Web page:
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    Amazon, Redefine Properties sign up for Cape Town's latest load shedding solution

    June 8, 2023 - Lameez Omarjee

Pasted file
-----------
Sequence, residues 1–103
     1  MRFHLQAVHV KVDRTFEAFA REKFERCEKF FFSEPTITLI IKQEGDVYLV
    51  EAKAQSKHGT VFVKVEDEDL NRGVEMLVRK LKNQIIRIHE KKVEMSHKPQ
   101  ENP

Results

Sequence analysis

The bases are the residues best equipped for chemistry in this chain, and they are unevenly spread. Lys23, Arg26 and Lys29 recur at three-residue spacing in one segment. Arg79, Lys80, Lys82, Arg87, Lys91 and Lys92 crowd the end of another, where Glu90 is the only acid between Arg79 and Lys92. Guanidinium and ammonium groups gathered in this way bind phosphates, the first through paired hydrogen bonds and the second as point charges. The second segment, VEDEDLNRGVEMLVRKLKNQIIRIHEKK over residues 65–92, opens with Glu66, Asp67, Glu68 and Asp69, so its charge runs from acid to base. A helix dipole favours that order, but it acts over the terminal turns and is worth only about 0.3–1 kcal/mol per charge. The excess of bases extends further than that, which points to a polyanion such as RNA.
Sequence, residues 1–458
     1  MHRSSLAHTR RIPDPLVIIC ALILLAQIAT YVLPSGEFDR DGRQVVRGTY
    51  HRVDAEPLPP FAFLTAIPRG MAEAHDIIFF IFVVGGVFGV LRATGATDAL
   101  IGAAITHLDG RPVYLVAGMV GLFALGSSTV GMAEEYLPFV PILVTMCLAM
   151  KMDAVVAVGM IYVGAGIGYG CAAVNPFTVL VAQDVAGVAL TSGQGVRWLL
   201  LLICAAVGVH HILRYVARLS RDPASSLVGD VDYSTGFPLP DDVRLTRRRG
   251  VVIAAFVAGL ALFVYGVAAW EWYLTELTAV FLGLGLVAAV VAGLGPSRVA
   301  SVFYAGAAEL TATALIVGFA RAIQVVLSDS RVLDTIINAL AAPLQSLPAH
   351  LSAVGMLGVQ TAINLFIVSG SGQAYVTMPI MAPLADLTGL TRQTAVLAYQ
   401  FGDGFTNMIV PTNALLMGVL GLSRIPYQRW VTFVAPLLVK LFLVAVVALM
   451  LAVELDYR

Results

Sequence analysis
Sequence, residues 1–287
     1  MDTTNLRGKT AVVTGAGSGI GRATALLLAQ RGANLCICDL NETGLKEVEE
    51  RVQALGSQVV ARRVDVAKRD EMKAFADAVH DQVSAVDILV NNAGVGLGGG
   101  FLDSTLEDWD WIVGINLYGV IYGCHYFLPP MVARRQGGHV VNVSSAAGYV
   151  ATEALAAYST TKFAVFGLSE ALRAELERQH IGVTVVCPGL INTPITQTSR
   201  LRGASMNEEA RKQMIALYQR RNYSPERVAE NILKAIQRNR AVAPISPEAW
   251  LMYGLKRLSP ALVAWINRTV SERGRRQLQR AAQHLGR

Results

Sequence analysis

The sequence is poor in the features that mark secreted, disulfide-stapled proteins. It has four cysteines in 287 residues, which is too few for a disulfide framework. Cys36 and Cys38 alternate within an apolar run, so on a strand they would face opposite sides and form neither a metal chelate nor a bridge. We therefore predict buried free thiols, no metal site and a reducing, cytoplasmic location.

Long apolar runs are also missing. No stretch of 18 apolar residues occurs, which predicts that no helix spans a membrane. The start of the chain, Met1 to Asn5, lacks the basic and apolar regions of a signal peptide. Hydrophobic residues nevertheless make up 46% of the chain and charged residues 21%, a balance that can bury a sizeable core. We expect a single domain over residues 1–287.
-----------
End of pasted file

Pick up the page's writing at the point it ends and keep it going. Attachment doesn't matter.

-- Fifteen companies will participate in a pilot project to trade electricity using the municipality's distribution infrastructure. -- The wheeling project should kick off in July and would allow the parties to sell and buy power from each other directly. -- This is one of a tranche of solutions rolled out by the City to help address load shedding. -- For climate change news and analysis, go toNews24 Climate Future. -------------------------------------------------------------------------------------------------------------------------------------------------------------------------------------------------------------------------------------------------------------------------------------------------------------------------------------------------------------------------------------------------------------------------------------------------------------------------------------------------------------------------------------------------------------------------------------------------------------------------------------------------------------------------------------------------------------------------------------------------------------------------------------------------------------------------------------------------------------------------------------------------------------------------------------------------------------------------------------------------------------------------------------------------------------------------------------------------------------------------------------------------------------------------------------------------------------------------------------------------------------------------------------------------------------------------------------------------------------------------------------------------------------------------------------------------------------------------------------------------------------------------------------------------------------------------------------------------------------------------------------------------------------------------------------------------------------------------------------------------------------------------------------------------------------------------------------------------------------------------------------------------------------------------------------------------------------------------------------------------------------------------------------------------------------------------------- Fifteen companies, including Amazon's data services business in South Africa and property giant Redefine, will participate in a pilot project to trade electricity using the City of Cape Town and Eskom's grid infrastructure.